A report from the company will determine what steps should be taken to refurbish the tower and keep it in good structural condition.

  • Front.train
    WRECKAGE—Morenci Fire Department member Taylor Schisler walks past the smoking wreckage of a semi-truck tractor on the north side of the Norfolk and Southern Railroad tracks on Ranger Highway. The truck trailer was on the south side of the tracks
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    SCULPTORS—Morenci third grade students Emersyn Thompson (left) and Marissa Lawrence turn spaghetti sticks into mini sculptures Friday during a class visit to Stair District Library. All Morenci Elementary School classes recently visited the library to experience the creative construction toys purchased through the “Sculptamania!” project, funded by a Disney Curiosity Creates grant. The grant is administered by the Association for Library Services to Children, a division of the American Library Association.
  • Funcolor
    LEONIE LEAHY was one of three local hair stylists who volunteered time Friday at the Morenci PTO Fun Night. Her customer, Aubrey Sandusky, looks up at her mother while her hair takes on a perfect match to her outfit. Leahy said she had a great time at the event—nothing but happy clients.
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    LEARNING THE ROPES—Kristy Castillo (left), co-owner of Mane Street Salon, works with Kendal Kuhn as Sierra Orner takes a phone call. The two Morenci Area High School juniors spent Friday at the salon as part of a job shadowing experience.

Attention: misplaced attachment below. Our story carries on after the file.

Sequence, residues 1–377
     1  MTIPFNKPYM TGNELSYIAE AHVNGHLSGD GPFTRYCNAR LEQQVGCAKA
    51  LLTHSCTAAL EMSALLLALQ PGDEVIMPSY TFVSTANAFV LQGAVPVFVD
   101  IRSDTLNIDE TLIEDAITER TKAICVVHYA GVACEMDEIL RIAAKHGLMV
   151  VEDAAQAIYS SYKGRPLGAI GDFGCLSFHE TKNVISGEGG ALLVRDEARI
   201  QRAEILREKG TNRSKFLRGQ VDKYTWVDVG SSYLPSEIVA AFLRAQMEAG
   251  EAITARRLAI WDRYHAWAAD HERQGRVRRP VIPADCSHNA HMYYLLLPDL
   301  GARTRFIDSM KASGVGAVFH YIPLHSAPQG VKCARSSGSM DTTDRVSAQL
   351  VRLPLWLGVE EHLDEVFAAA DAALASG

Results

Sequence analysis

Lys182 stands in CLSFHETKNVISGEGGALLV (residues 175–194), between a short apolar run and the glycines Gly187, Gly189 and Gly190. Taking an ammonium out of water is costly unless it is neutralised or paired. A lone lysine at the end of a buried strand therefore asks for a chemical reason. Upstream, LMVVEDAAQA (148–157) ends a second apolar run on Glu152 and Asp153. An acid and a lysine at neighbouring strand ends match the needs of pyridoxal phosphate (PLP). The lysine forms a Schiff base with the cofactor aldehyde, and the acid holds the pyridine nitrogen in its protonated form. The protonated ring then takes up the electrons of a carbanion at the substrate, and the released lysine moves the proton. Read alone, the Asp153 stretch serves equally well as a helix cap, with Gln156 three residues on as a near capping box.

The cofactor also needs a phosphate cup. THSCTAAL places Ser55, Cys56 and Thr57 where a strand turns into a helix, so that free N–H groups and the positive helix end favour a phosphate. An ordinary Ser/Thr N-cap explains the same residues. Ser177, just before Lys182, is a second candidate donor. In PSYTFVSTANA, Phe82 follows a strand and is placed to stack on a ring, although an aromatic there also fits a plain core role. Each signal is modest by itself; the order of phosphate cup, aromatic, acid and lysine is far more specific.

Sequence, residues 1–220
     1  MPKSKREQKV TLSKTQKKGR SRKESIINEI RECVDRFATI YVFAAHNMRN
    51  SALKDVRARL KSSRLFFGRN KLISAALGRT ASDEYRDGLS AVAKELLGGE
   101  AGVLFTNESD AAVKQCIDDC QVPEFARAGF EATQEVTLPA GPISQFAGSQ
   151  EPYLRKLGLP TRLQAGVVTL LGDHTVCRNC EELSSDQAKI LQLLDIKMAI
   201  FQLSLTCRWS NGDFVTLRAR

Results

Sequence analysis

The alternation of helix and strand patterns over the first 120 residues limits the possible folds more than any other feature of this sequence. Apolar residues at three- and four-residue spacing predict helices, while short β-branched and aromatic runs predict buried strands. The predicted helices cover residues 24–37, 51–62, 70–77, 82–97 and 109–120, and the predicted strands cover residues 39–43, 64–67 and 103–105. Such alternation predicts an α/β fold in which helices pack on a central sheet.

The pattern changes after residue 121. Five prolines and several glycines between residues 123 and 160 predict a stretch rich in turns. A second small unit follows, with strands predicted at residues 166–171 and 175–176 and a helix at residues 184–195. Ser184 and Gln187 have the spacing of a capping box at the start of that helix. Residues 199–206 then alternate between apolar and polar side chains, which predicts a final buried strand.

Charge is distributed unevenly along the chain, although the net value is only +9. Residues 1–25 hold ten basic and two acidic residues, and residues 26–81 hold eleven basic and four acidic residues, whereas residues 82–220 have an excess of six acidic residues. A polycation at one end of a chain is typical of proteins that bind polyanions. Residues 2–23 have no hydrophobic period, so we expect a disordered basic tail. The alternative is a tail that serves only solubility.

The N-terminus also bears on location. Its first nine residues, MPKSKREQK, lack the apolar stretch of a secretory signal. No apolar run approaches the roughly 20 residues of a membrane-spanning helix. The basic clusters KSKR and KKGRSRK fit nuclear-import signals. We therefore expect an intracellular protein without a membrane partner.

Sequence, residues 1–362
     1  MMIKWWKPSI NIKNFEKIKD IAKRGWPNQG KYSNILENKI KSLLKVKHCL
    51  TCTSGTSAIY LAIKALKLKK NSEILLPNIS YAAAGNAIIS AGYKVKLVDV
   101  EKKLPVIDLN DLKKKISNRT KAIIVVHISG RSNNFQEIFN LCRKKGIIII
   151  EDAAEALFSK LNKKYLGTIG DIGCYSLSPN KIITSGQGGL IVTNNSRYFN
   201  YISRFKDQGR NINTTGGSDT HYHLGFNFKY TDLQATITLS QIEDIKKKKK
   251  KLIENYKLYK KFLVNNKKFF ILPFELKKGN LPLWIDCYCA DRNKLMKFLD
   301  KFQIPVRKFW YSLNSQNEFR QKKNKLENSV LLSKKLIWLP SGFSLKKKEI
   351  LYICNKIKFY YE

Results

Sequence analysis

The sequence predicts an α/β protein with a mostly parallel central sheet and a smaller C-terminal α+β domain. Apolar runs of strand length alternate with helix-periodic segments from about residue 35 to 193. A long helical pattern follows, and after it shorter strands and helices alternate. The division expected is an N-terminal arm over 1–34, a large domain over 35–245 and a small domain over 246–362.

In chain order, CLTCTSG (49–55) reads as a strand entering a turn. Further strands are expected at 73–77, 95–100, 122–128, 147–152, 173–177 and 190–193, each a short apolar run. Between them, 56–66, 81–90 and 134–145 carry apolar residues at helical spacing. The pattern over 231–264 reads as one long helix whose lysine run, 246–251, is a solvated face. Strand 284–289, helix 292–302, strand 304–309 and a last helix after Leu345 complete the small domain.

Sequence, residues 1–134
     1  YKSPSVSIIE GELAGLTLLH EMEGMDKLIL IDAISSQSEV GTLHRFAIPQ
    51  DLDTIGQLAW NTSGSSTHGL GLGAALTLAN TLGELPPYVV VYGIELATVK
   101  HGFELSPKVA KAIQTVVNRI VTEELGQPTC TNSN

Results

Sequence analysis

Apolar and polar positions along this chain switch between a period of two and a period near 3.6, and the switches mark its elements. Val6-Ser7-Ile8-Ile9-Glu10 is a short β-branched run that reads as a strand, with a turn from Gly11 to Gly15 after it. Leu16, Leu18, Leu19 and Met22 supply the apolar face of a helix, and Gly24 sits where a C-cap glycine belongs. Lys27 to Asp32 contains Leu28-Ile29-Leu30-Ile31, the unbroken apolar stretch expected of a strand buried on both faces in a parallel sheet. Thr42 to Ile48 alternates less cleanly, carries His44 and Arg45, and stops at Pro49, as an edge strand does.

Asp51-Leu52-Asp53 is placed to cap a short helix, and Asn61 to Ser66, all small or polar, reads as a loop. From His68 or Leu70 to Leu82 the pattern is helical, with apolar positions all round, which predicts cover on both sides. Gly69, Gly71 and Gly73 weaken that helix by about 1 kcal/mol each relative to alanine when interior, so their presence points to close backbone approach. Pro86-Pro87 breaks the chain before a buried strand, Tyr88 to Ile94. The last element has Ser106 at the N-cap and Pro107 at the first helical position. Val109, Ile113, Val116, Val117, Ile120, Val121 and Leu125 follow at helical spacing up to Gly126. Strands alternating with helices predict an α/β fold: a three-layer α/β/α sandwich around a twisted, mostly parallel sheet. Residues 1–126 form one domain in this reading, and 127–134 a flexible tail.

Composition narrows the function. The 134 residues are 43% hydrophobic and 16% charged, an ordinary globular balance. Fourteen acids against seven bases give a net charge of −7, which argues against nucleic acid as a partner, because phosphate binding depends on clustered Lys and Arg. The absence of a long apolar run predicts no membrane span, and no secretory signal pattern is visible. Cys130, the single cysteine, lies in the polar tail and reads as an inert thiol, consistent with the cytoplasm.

• KayseInField
    IN THE FIELD—2004 Morenci graduate Kayse Onweller works in a test plot of wheat in Texas. She’s part of Bayer CropScience’s North American wheat breeding program based in Nebraska, where she completed post-graduate work in plant breeding and genetics.
  • Front.winner
    REFEREE Camden Miller raises the hand of Morenci Jr. Dawgs wrestler Ryder Ryan as his opponent leaves the mat in disappointment. Morenci’s youth wrestling program served as host for a tournament Saturday morning to raise money for the club. Additional photos are on the back page.
  • Front.bank.2
    SHERWOOD STATE Bank opened its Fayette office at a grand opening Friday morning, drawing a large crowd to view the renovated building. Above, Burt Blue talks to teller Cindy Funk, while his wife, Jackie, looks around the new office. The Blues missed the opening and took a quick tour on Tuesday. Few traces remain of the former grocery store and theater, however, part of the original brick wall still shows in the hallway leading to the back of the building. The drive-through window should be ready for customers later in the month.
  • Front.make.three
    FROM THE LEFT, Landon Wilkins, Ryan White and Logan Blaker try out their artistic skills Saturday afternoon at the Morenci PTO’s first Date to Create event. More than 50 people showed up to create decorated planks of wood to hang from rope. The event served as a fund-raiser for miscellaneous PTO projects. Additional photos are on the back of this week’s Observer.